TRO General Rule – only issued after SUMMARY HEARING is conducted within 24 hours after the records are submitted to the branch selected by raffle. Exception – Executive Judge may issue TRO good for 72 hours if there is of extreme urgency, such that unless a TRO is issued, grave injustice and irreparable injury will arise. – Thereafter, before the expiry of the seventy-two (72) hours, the Presiding Judge to whom the case is assigned shall conduct a summary hearing to determine whether the TRO can be extended for another period until a hearing [o]n the pending application for preliminary injunction can be conducted. In no case shall the total period x x x exceed twenty (20) days, including the original seventy-two (72) hours, for the TRO issued by the Executive Judge. (Vda. De Sayson vs. Judge Zerna, A.M. No. RTJ-99-1506, August 9, 2001)
GROUNDS FOR ISSUANCE The applicant is entitled to the relief demanded. The commission, continuance or the non- performance of the acts complained of would work injustice to the applicant. That the party against whom the injunction is sought is doing, threatening some act probably in violation of the rights of the applicant tending to render the judgment ineffectual.
Right in Esse Capitol Medical Center vs. CA, 178 SCRA 493 – FACTS the students and teachers banded together to go on strike against the school administration the school decided to close effective at the end of the semester the students sued the school to compel it to re-open and the lower court issued a preliminary mandatory injunction – HELD Under the law, the contract between a student and a school is for a semester only. The law does not require a school to see a student through to the completion of his course. The students have no clear right to “re-enroll” for the next semester.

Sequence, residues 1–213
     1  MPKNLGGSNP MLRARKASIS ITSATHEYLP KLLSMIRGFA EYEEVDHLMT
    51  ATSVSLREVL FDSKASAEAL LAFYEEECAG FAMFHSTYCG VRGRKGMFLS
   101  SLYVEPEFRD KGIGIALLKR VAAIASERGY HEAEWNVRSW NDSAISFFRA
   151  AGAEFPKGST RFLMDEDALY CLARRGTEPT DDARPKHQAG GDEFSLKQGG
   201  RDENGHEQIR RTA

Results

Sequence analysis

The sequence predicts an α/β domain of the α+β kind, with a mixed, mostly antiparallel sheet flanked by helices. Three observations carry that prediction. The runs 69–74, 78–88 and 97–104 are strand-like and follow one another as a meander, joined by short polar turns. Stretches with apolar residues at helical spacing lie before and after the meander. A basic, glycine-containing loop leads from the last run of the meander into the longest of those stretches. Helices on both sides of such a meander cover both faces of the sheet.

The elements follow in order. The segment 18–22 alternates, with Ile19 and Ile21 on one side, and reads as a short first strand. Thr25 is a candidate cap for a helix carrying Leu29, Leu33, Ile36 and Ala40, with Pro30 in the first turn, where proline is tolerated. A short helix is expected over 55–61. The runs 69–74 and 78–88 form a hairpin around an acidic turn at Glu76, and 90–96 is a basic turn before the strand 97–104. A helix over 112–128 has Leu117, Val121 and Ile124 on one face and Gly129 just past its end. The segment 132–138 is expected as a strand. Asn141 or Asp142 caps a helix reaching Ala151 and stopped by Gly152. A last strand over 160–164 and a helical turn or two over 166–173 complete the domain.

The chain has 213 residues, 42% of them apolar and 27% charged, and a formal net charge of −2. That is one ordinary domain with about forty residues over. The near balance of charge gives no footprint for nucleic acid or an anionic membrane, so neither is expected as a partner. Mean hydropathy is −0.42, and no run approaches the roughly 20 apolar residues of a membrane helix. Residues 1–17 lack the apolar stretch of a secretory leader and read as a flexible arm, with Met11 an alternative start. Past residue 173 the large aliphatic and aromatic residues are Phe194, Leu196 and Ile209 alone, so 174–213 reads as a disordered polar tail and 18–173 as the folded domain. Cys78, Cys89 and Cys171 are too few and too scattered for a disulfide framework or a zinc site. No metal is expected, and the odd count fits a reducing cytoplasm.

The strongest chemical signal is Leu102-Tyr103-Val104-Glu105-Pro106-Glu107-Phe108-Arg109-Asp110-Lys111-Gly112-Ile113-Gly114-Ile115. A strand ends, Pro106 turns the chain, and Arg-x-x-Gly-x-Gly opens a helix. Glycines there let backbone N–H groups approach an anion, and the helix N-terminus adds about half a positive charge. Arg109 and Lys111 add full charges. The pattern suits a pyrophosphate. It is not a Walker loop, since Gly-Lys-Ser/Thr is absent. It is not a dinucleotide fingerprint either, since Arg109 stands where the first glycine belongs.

Violation of Right Mere allegation is insufficient – the complaint for injunctive relief must be strictly construed against the pleader.
Preliminary Injunction Proper Not proper to restrain collection of taxes. Injunction will not lie to enjoin the prosecution of criminal proceedings – Exception: To afford adequate protection to the constitutional rights of the accused. When there is a prejudicial question. When the prosecution is founded upon an invalid law.